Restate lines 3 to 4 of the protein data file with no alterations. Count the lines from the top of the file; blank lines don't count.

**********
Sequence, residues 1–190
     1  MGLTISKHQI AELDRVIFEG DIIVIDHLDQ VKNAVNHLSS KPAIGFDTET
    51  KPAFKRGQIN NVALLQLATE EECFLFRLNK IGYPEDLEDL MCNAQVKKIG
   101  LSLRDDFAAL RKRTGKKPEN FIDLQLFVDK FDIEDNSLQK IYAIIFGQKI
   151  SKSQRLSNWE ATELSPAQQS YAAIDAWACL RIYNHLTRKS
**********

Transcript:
    51  KPAFKRGQIN NVALLQLATE EECFLFRLNK IGYPEDLEDL MCNAQVKKIG
   101  LSLRDDFAAL RKRTGKKPEN FIDLQLFVDK FDIEDNSLQK IYAIIFGQKI